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Dallas Opera’s ‘Moby-Dick’ Debuts Spectacularly – UPDATED LINKS

by Jerome Weeks 1 May 2010 5:08 PM

It was quite a gamble to take on Herman Melville’s lengthy, literary classic, but it has paid off handsomely for the Dallas Opera and composer Jake Heggie. ‘Moby-Dick’ makes gripping musical theater, with a magnificent production reinforcing the opera’s dramatic power. Olin Chism reviews. Plus Bill Zeeble’s report and the most complete set of links to other reviews around the country.


Dallas Opera‘s  world premiere of Jake Heggie’s Moby-Dick has wowed the audience and critics. KERA’s Bill Zeeble attended the opening and has more.

  • KERA radio report from Bill Zeeble:
  • Online report:

Triumphant was the word from several critics. They praised the music of composer Jake Heggie and the adapted story by Gene Scheer, as well as the sets, imaginative video projections and singers’ voices. Audience member Donna Wright was excited to see her first opera premiere, and was impressed by it all.

Donna Wright, audience member: “The singing, the effects, how they managed to do so much with basically the same set. Oh it was great.”

Fort Worth Symphony pianist and music educator Buddy Bray says the opera stayed true to Herman Melville’s masterpiece. Bray says Moby-Dick was huge and effective on all fronts.

Buddy Bray: “Yes, totally worked for me because it was big and beautiful.”

Bray calls Heggie a natural.

Bray: “I think when he’s writing one note, he already thinks about what he is going to write that will play out an hour later. So he’s always thinking of a big arc. He is the real thing. He is a genuine opera composer. And this country has very few of them, and he just knows instinctively how to do that.”

Guest blogger Olin Chism reviews:

With Dead Man Walking, composer Jake Heggie and librettist Gene Scheer proved decisively that they know how to fashion a large-scale musical drama. On Friday night at the Winspear, the Dallas Opera gave the premiere of their latest collaboration, Moby-Dick. It was quite a gamble to take on the American literary classic, but it paid off handsomely. Moby-Dick makes gripping musical theater, with a spectacular production reinforcing the opera’s dramatic power. At the end the enthusiastic audience gave Heggie and Scheer their heaviest applause.

Herman Melville’s novel is lengthy (approaching 500 pages in my copy) but it’s easy to spot candidates for trimming to operatic size. There are many, many pages devoted to whale lore, anatomy and behavior, not to mention lengthy descriptions of sailing and whaling as they existed in the mid-19th century. These would hardly do in an opera. But the easy trims still leave a herculean task for the librettist trying to arrange the remainder into a coherent whole, and one impressive thing about the new opera is Scheer’s success in doing so. There is some tinkering with details, but by and large the libretto remains faithful to Melville in plot and tone.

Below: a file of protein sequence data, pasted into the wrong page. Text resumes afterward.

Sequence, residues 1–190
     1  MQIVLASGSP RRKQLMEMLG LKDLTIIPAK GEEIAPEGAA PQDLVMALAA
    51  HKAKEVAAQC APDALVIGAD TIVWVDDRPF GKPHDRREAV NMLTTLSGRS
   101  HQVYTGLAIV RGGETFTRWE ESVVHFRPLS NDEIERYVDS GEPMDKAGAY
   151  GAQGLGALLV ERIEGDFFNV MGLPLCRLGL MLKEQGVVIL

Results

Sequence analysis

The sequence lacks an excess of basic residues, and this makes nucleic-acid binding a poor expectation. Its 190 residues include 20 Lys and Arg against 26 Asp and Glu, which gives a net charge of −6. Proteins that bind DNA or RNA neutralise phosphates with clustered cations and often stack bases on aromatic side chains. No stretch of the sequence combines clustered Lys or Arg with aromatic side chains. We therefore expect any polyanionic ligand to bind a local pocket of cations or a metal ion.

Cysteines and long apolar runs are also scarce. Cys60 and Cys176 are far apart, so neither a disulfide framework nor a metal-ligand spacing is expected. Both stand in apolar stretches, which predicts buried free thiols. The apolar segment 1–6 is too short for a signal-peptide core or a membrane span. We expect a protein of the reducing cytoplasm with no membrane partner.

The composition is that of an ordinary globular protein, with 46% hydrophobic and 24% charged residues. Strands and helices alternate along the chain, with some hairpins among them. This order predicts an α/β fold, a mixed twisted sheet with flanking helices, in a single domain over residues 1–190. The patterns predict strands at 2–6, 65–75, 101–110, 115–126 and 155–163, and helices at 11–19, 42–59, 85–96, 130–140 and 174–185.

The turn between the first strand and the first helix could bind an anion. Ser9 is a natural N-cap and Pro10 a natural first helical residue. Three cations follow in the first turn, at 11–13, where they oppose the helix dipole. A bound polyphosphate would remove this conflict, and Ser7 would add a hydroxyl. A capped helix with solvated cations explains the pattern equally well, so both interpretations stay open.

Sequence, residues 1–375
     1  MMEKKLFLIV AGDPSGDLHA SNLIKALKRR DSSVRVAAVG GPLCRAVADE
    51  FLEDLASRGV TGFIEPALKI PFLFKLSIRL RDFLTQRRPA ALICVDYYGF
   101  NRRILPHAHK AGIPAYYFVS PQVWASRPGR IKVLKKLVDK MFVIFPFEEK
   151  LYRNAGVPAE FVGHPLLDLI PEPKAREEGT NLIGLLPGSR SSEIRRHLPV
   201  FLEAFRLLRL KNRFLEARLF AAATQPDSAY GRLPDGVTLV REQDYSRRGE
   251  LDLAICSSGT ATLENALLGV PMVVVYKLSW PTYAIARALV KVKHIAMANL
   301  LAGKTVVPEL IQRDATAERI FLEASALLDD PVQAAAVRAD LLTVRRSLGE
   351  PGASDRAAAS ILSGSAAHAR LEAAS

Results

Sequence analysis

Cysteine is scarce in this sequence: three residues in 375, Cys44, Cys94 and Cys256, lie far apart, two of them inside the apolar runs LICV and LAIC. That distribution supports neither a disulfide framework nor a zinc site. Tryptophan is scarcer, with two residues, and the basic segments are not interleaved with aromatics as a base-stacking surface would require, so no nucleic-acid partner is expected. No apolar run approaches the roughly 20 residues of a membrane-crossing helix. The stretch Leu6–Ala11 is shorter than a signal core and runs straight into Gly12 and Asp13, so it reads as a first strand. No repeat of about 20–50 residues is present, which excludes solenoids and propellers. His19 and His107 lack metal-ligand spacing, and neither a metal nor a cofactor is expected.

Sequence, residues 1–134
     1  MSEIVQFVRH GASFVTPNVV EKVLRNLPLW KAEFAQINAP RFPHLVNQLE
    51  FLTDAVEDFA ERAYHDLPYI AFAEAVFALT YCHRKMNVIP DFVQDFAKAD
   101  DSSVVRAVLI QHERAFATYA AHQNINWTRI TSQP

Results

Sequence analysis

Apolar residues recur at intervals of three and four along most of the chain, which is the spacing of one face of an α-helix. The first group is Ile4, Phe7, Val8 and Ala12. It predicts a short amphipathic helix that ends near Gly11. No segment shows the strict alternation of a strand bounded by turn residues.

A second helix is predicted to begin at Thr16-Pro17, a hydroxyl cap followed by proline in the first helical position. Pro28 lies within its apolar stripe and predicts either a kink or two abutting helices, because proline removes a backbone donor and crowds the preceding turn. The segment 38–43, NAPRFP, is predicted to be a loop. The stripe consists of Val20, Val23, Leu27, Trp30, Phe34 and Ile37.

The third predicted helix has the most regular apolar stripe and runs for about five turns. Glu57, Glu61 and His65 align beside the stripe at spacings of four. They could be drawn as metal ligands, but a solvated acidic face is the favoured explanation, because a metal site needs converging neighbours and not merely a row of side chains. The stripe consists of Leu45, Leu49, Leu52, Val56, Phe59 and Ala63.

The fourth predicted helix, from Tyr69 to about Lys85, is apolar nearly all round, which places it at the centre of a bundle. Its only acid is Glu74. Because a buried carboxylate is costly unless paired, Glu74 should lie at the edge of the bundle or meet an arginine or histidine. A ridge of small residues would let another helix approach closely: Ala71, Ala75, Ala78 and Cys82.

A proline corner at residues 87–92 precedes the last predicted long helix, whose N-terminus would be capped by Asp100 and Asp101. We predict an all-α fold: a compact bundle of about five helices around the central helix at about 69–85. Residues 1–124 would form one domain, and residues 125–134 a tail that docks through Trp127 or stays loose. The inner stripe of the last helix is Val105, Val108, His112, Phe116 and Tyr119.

Heggie’s music makes the story spring to vivid aural life. The composer is well known for his conservative lyrical impulses (no grating on the ear here), but there’s grit in dramatic scenes and he fashions a brooding musical atmosphere that seems a fitting complement to story and setting. I particularly liked the orchestral writing with its colorful instrumentation. The vocal writing seemed apt, too, though few solo numbers jumped out as obvious high points. Repeated hearings are needed.


Moby-Dick has a topnotch cast. The headliner is Ben Heppner as Captain Ahab (above). He seemed vocally stressed at times on Friday night, but he remained a formidable presence. Morgan Smith as Starbuck (the one character with a grip on reality) was superb, as was Jonathan Lemalu as Queequeg. Talise Trevigne as Pip and Stephen Costello as Greenhorn (Scheer’s name for Melville’s Ishmael) were notable among the rest of the large cast. Patrick Summers led a powerful orchestral performance.

phpfrvb3dPMThe physical production is simply magnificent. A whole team of designers, animators, projectionists and programmers creates a high-tech world that keeps the sea a brooding presence and gives the opera’s climactic moments an almost physical power. Leonard Foglia is the impressive director, with Robert Brill, Jane Greenwood, Donald Holder and Elaine McCarthy as designers of scenery, costumes, lighting and projections, respectively. The others involved are too numerous to list.

  • Scott Cantrell’s Dallas Morning News review
  • Associated Press review by Ronald Blum
  • Steve Smith’s New York Times review
  • Front Row review by Wayne Lee Gay
  • Theater Jones review by Gregory Sullivan Isaacs
  • Out West Arts blog
  • Opera Warhorses blog
  • Fort Worth Renaissance blog
  • The Classical Review blog
  • Gary Cogill’s review for WFAA (with video)
  • Chris Shull’s review for Opera Now magazine
  • Chris Shull’s review for
  • NYU Professor Cyrus Patell’s blog
  • San Diego Theatre Scene review
  • Interchanging Idioms blog
  • Albert Imperato’s blog at Gramophone. UK


Gene Scheer and Jake Heggie (l to r). Photos by Karen Almond.

Moby-Dick will continue through May 16, with Madame Butterfly joining in starting May 7.